Electrik have a few distinctions in the crowded Chorlton bar scene: one is having three of their own beers (brewed at Happy Valley), another is having a free jukebox of high quality, while a third is having a wide range of comfortable-looking seats on which it’s actually impossible to get comfortable. When I’m there I’m looking for a chair I can lean back in, with enough light to read by and no draught on my neck; the combination is hard to find, and I usually end up shifting between two or three different seats. I keep going back, though. Last night both their own Bright Spark and the rum stout Black Out were on (I had the latter, which was excellent) as well as the very welcome sight of Ticketybrew Pale Ale. It was, once again, a fantastic beer – and keenly priced at £3.40 a pint.
Lastly, a weekend note. I’ve got a long-established Saturday routine, involving going out early doors for a couple of pints with something to read. It’s a habit I got into when I didn’t know many people in the area, and I’m reluctant to break it now, although I’m conscious it may sometimes make me look anti-social. Last Saturday I divided my time between the Marble Beerhouse and De Nada. I hadn’t had a drink in the Marble for months, & I was very pleased to see that the framed posters which graced the walls for years have been put back up: two of Brendan Dobbin’s unique West Coast Brewery posters, a Thirsty Moon, a Wobbly Bob… They didn’t have any of those beers on, mind you – in fact, they only had one guest (from Marble offshoot Blackjack), although I think another had just gone off. There were five Marble beers, though, and – sign of the times – a guest keg font (Magic Rock High Wire). Sitting on an upholstered bench next to a sleeping cat, reading my paper by the light of the fading evening sun, in complete silence but for the sound of conversations from the far end of the room, I had a pint of Marble Lagonda. And what a mighty beer that is – a full-on pale ale, but with a fruity body in comparison with the more astringent likes of Dobber.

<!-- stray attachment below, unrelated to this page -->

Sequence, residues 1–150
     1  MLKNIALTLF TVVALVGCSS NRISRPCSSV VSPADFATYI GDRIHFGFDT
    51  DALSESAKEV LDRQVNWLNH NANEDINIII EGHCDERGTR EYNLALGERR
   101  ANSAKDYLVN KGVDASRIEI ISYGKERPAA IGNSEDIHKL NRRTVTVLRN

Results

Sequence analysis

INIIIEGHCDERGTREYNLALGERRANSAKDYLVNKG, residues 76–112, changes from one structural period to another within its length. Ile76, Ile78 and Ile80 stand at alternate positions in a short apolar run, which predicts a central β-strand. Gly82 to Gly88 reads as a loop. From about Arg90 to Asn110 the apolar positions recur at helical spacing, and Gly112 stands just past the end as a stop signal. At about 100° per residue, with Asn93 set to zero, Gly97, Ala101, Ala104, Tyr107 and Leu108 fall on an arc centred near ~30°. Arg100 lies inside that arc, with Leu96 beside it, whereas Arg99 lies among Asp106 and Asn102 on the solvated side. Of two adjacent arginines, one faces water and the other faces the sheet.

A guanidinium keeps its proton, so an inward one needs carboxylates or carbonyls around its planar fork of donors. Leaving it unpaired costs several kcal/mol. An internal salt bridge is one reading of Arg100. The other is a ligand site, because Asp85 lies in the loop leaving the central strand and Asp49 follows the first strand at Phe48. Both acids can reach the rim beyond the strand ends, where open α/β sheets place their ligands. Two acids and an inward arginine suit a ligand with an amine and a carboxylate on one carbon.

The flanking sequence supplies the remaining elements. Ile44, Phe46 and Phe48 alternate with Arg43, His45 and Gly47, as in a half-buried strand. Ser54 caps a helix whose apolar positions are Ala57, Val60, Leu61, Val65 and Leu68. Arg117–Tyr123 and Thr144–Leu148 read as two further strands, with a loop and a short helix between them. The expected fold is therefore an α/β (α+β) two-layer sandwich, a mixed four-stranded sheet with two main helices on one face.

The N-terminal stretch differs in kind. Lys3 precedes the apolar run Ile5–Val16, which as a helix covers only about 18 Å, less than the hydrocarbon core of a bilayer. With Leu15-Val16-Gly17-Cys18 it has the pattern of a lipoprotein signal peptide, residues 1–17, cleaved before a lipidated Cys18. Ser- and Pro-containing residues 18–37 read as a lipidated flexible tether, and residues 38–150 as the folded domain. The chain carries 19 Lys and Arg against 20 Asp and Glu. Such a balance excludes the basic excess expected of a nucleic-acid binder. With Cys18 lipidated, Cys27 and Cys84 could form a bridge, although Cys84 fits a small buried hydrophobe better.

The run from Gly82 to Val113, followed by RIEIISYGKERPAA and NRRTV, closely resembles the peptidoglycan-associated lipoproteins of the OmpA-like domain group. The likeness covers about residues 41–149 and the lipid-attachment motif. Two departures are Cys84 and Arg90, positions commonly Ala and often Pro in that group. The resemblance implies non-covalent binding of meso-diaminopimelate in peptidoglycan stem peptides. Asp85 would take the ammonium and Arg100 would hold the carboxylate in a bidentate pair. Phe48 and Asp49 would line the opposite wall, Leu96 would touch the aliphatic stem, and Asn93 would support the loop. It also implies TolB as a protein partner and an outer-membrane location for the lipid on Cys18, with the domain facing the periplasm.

Then, up the road at De Nada, I had an XT 4, which was pleasant if unspectacular; I drank it in between eating the complimentary nibbles, while sitting in a leather armchair, reading by the wall light, listening to a hum of conversation all around me and enjoying the sound of the jukebox (when did you last see a jukebox with Joy Division’s “Atmosphere”?) As a way to spend half an hour it was rather fine.
Getting philosophical for a moment, it struck me afterwards that in those two Saturday pints I’d experienced the difference between a pub and a bar. With the sounds, the nibbles and the dim light, De Nada had a real buzz about it; I really enjoyed being there. With the natural light, the quiet and the cat, the Marble had absolutely no buzz at all – and I really enjoyed being there, but in a different way. It would be pushing it, to say the least, to say that that’s what pubs are like – that’s not even what the Marble’s like when it gets busy. But I do think that experience – “take your beer, sit down, now we’ll leave you to your own thoughts for the next hour or two” – is something you’re much more likely to get in a pub than in a bar; just as the more ‘buzzy’ experience – “enjoy your beer, try some nibbles, do you remember this one? this is cool, isn’t it?” – is very bar-like. I wouldn’t be without either of them.